Community Indicators for Your Community

Real, lasting community change is built around knowing where you are, where you want to be, and whether your efforts are making a difference. Indicators are a necessary ingredient for sustainable change. And the process of selecting community indicators -- who chooses, how they choose, what they choose -- is as important as the data you select.

The Jacksonville Community Council (JCCI) understands indicators and community change, with more than 25 years of producing the annual Quality of Life Progress Report for Jacksonville and the Northeast Florida region, and two decades of helping other communities develop their own sustainable indicators projects. JCCI consultants give you the information you need to measure progress, identify priorities for action, and assess results.

I'd like to talk with you personally about how we can help. E-mail me at
ben@jcci.org, call (904) 396-3052, or visit CommunityWorks for more information. From San Antonio to Siberia, we're ready and willing to assist.


Saturday, February 2, 2008

Catalog of Administrative Data Sources for Neighborhood Indicators

I am very excited about the new publication from Claudia J. Coulton titled Catalog of Administrative Data Sources for Neighborhood Indicators (PDF). This is not only a tremendous resource for neighborhood-level statistical data sources, but also a sign of the growing maturity of the neighborhood indicator movement.

The report begins with a discussion of recent developments in neighborhood indicators, and then launches into the reasons for using administrative data as a key source for very-local community indicators (one of the most important reasons being that the data are often available at the neighborhood level, which is not true of all data out there.) The report then walks the reader through a series of issues in using administrative data for neighborhood indicators, including those of geographic boundaries, confidentiality, data accuracy, metadata, matched and longitudinal files, mobility, and commercial data products.

The bulk of the report is concentrated on 42 administrative data sources on topics ranging from economy and environment to health and public safety.

I highly recommend this report as a standard for anyone working with community indicators. Go download this report right now. For an understanding on why this information is so critical, check out Neighborhoods at the Tipping Point.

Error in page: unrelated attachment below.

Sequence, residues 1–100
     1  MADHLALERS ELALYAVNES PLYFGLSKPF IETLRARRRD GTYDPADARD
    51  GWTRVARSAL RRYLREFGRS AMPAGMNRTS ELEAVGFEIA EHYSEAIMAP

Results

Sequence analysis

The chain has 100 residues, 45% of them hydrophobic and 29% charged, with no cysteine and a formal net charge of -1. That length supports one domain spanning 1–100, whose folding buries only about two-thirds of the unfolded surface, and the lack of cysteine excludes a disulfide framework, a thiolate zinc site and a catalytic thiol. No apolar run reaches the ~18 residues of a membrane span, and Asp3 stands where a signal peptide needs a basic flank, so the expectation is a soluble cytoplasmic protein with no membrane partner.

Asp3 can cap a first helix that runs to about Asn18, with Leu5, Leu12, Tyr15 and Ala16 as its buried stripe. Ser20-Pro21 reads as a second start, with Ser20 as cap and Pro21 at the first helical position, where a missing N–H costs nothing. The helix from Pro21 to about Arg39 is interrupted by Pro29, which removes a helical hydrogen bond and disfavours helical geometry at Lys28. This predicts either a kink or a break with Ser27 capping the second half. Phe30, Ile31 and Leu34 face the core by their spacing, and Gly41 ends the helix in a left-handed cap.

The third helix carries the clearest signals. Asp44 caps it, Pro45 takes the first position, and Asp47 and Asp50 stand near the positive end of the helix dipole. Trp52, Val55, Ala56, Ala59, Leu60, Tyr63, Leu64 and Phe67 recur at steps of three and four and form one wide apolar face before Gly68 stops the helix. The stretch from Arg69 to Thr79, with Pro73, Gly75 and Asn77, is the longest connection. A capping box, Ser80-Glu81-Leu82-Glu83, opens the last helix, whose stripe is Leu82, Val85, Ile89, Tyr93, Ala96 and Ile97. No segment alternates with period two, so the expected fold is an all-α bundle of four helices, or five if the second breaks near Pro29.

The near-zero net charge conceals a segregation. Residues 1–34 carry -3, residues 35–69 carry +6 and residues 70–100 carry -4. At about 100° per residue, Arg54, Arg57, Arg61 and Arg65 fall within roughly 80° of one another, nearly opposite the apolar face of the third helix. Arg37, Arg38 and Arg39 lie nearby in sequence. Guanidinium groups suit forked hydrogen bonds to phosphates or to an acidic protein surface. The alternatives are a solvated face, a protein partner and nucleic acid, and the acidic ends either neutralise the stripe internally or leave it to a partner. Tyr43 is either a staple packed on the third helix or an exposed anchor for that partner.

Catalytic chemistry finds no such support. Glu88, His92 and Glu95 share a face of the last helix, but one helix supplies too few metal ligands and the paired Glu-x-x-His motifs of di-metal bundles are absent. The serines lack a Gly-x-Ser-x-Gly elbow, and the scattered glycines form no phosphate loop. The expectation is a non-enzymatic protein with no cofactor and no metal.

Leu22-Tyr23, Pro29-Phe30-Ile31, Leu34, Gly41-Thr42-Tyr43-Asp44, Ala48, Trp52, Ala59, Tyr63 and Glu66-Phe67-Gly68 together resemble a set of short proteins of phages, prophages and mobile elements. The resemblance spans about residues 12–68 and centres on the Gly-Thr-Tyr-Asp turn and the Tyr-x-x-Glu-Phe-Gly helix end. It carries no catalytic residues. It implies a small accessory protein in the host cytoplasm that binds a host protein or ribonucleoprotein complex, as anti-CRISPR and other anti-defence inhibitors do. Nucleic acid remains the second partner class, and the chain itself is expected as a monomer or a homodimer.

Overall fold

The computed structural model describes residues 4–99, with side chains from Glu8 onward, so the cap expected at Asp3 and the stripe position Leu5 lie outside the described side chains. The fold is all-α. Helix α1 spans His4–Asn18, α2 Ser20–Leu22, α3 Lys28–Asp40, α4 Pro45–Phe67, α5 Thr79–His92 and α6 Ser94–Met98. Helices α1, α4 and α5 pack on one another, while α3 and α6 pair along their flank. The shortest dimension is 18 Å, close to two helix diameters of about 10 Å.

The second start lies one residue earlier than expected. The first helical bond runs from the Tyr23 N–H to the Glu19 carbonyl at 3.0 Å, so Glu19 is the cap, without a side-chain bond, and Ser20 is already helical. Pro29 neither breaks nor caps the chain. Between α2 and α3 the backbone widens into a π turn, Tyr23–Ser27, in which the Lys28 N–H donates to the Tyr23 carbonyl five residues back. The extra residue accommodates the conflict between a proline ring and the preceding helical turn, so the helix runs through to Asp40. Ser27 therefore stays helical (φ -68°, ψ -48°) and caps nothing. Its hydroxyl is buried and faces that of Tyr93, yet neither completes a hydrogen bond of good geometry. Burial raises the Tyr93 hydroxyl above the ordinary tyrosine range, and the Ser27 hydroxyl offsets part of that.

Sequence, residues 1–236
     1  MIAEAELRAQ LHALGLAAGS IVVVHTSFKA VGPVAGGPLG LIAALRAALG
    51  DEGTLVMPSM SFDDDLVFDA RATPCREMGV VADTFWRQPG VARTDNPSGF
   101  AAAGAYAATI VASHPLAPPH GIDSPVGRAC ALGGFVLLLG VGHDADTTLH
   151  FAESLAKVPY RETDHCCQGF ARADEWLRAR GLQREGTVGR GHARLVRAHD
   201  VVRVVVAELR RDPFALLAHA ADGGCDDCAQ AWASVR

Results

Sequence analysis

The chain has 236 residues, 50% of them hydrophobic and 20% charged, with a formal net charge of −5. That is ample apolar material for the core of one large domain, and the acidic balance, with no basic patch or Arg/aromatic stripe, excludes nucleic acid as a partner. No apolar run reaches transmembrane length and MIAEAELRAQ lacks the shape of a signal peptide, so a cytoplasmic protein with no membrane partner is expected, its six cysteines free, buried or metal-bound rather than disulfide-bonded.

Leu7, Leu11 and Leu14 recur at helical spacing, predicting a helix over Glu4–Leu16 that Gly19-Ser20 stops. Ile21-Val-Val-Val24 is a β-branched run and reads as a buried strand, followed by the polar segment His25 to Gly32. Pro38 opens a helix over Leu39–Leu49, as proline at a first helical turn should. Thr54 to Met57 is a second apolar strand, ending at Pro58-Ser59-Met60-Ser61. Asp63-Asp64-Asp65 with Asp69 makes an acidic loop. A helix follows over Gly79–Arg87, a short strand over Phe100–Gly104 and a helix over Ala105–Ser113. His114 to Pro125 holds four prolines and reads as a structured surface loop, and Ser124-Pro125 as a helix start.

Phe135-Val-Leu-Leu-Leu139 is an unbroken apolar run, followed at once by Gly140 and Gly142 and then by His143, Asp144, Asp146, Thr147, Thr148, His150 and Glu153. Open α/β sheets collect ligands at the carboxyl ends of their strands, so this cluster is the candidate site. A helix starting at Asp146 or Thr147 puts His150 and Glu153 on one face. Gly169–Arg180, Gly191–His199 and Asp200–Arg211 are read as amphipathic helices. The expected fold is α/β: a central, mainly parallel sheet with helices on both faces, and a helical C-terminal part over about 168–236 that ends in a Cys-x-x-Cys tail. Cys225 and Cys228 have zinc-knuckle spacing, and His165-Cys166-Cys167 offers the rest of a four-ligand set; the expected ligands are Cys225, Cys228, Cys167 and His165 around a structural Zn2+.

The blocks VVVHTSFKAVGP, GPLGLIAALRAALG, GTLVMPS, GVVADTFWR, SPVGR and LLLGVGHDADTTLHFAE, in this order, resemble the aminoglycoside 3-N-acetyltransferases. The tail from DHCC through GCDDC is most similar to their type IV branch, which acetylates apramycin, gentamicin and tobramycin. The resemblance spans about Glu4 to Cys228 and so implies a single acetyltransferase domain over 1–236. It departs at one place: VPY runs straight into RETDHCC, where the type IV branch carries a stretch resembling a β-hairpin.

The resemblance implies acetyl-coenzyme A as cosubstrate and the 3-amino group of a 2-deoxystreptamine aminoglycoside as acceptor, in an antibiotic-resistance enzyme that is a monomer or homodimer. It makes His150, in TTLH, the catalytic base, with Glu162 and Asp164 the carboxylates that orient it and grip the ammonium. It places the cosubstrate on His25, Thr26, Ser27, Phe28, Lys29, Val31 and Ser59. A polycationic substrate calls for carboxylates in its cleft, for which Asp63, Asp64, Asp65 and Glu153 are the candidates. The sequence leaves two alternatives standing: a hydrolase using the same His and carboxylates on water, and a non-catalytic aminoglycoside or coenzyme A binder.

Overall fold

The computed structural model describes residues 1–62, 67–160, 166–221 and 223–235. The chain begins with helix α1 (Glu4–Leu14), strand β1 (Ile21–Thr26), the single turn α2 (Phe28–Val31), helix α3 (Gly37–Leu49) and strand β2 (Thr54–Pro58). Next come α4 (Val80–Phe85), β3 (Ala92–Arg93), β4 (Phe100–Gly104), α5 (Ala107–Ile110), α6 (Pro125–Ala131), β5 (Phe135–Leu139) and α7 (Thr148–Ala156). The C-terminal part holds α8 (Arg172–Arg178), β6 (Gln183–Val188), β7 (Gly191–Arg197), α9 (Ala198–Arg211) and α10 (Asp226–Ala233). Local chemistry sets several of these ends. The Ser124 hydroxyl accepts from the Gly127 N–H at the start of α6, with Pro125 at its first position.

Not convinced yet? Here's a portion of the introduction to the Catalog of Administrative Data Sources for Neighborhood Indicators:

THERE IS A LONG TRADITION OF USING data collected for administrative purposes to produce social and economic indicators (Rossi 1972; Annie E. Casey Foundation 2005). Indicators are measures of the condition or status of populations or institutions that can be compared over time or between places and groups. In recent years, there has been growing
interest in developing indicators for communities and neighborhoods that can be used to improve local conditions or support action by groups and organizations that work at that level.

Community indicators are employed by neighborhood associations, local governments, businesses, nonprofit agencies, researchers, youth groups, and other individuals and organizations. Indicators have been successfully used to identify problems, plan programs, stimulate action, advocate for change, target investments, evaluate initiatives, and otherwise inform the community about itself (Cowan and Kingsley forthcoming).

The data used to craft neighborhood indicators often come from administrative agencies. Administrative records are particularly useful for community indicators because they are timelier or can be applied to smaller areas than government surveys. Moreover, the application of geographic information system (GIS) technology to these records makes it feasible to calculate many indicators for small areas and to display them in useful ways. Many sources and types of data from administrative agencies can be used to produce measures useful to neighborhoods and communities.

This monograph describes these data sources because such information is not readily available in a comprehensive review elsewhere. Most databases described here are maintained by local agencies, but a few state and federal databases can also be used for small-area measures.


Check it out, and let me know your reaction to the Catalog of Administrative Data Sources for Neighborhood Indicators.

Hat tip: American Federation of State, County & Municipal Employees (AFSCME) Information Highway

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